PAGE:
Roger Keyse, South East London Socialist Party, Niall Mulholland, East London Socialist Party
Socialist Party members are saddened to hear about the loss of Ted Austin, aged 81, who died on 11 November, following a short illness. Ted was a working-class stalwart of the Socialist Party in south east London over four decades. Ted was known for his deadpan humour and independent mind.
Ted grew up during World War Two, and its aftermath, in a large working-class family in a small flat in Elephant and Castle in south London. Like many of his generation, Ted faced serious hardships in his early years and young adulthood.
After school, he worked at various jobs, including as a photo-finisher for horse races, and he often lived by his wits. In later years, Ted’s removal van was a ubiquitous sight in south east London. Many financially hard-up Socialist Party members benefitted from Ted’s generosity, as he moved their house belongings for a nominal fee or for free.
Ted’s political instincts were always on the left. During the 1970s and early 1980s, he vocally supported the civil rights struggle in the north of Ireland, and attended Tony Benn public meetings.
After his daughters, Lois and Caroline, joined the Labour Party Young Socialists, Ted also became a supporter of Militant (forerunner of the Socialist Party), and his political understanding and activity quickly took off.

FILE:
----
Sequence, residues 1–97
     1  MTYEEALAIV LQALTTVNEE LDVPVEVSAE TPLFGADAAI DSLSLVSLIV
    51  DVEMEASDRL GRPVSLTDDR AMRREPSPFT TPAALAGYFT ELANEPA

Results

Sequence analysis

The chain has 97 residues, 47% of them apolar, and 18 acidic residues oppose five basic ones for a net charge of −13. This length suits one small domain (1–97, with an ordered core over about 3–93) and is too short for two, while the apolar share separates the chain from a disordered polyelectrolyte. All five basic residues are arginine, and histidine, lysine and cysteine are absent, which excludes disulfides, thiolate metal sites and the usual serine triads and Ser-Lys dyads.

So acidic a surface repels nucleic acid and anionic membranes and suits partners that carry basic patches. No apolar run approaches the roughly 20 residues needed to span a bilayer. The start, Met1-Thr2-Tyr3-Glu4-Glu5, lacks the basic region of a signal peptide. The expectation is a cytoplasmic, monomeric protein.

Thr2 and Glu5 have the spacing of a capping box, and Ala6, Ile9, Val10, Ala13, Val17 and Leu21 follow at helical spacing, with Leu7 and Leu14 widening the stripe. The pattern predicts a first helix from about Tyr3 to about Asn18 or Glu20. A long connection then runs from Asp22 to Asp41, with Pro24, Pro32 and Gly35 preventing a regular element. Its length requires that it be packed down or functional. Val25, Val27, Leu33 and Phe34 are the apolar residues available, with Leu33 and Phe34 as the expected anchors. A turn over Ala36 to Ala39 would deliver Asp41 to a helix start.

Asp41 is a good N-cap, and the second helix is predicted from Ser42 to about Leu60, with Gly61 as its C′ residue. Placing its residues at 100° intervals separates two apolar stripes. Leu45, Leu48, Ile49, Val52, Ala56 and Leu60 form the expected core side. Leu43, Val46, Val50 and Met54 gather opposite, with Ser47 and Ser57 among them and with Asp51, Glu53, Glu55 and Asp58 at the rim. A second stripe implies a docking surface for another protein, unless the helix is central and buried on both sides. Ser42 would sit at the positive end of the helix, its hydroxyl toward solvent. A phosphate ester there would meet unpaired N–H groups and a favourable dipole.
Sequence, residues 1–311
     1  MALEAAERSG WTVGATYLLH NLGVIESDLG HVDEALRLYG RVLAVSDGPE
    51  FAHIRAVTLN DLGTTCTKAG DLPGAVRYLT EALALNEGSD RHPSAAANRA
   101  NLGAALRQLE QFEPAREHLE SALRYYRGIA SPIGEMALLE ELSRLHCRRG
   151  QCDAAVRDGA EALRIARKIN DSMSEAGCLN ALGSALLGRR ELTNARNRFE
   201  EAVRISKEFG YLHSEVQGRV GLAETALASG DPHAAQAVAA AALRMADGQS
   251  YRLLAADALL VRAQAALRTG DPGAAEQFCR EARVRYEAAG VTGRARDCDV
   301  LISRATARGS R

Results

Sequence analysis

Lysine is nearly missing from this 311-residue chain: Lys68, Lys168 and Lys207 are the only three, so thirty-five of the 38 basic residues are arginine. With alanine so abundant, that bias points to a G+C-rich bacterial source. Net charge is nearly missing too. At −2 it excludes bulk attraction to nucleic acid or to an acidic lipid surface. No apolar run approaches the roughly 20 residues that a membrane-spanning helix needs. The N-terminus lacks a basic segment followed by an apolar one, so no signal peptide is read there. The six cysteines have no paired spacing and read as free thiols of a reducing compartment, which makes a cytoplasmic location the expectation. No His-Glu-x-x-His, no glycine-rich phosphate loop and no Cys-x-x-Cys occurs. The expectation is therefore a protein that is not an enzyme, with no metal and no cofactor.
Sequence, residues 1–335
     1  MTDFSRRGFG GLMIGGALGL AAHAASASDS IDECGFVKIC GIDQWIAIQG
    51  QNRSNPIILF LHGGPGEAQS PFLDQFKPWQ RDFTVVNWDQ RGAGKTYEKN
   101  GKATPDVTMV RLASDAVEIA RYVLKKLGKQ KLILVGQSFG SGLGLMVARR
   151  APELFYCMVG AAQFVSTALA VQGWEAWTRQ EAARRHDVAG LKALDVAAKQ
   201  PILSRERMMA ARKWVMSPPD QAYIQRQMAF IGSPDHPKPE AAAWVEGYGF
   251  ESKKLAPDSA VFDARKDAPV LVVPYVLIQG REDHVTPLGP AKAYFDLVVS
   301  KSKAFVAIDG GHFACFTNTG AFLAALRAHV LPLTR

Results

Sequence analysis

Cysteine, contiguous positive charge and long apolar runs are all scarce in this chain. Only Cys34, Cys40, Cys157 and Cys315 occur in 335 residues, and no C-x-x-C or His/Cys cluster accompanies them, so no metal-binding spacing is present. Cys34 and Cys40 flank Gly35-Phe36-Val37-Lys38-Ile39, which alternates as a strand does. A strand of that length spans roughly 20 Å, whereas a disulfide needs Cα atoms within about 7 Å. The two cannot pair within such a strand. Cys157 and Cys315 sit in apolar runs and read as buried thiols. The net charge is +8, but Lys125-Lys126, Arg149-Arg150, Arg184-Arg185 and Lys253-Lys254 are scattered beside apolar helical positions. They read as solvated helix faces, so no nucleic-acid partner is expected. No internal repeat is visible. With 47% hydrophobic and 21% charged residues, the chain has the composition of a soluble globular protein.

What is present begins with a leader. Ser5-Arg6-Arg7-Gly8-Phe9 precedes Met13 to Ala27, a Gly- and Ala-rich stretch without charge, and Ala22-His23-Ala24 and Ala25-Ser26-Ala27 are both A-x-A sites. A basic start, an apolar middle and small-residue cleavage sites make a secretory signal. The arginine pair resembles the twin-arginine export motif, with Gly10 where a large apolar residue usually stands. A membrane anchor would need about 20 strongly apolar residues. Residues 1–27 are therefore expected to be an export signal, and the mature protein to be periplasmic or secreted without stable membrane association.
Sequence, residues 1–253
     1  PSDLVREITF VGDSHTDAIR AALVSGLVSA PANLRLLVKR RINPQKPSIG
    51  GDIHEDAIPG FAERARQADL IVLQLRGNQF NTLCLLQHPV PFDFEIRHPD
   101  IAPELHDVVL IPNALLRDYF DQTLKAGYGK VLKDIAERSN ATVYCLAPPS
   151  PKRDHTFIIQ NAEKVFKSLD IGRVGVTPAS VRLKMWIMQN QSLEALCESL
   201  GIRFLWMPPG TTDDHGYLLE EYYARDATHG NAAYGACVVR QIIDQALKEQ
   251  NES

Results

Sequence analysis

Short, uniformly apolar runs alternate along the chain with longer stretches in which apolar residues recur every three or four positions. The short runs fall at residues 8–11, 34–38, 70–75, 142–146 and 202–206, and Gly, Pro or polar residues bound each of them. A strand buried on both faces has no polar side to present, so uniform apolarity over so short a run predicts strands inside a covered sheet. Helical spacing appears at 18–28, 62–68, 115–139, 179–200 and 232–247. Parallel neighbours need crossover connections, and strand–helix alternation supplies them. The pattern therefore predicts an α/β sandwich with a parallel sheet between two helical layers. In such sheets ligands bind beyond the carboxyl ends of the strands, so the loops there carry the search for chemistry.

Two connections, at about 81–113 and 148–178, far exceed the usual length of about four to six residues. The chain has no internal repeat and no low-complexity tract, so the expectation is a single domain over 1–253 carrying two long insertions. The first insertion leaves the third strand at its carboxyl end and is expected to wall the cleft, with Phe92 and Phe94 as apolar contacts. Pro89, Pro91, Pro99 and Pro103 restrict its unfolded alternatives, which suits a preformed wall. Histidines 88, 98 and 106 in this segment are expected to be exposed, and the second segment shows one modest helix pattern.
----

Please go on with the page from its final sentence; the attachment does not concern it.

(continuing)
He regularly went to show support to striking print workers at Wapping. He helped set up Bexley anti-poll tax union, and became its chair, organising protests against bailiffs and acting as ‘McKenzie Friend’ to non-payers in court.
He played a key role in the successful campaign to kick the far-right British National Party (BNP) HQ out of Welling, which was very near to where he lived. He helped to organise meetings and protests against the BNP, and was never afraid to confront its members, accusing them of “skulking around the back streets”.
Ted also fought tenaciously against the right-wing witch-hunts in the local Labour Party, including political attacks against him and his family. He expressed healthy class contempt for the “trendy middle class” and careerists in the movement.
Press reports of all these activities saw Ted become well-known locally as a principled socialist fighter. He stood for the Socialist Alliance in local elections, coining the slogan, “homes not domes” in response to the construction of the highly contentious Millennium Dome in Greenwich.
Ted’s anger at injustices everywhere burned strong. He stoically bore the heavy burden of his son Edward’s wrongful conviction, and closely followed the related justice campaign (appeal.org.uk/freshwater-five), confident that the truth will eventually be brought out.
A keen Spurs supporter, Ted played indoor football for many years, raising fighting fund for the Socialist Party, until only weeks before he passed away.
Ted will be hugely missed, but very proudly remembered as someone who overcame many early disadvantages to leave his footprint at some of the epic working-class battles of the last decades.
The Socialist Party sends condolences to Ted’s wife, Doreen, his children, Edward, David, Lois and Caroline, his grandchildren and wider family, and to all his good friends in the party.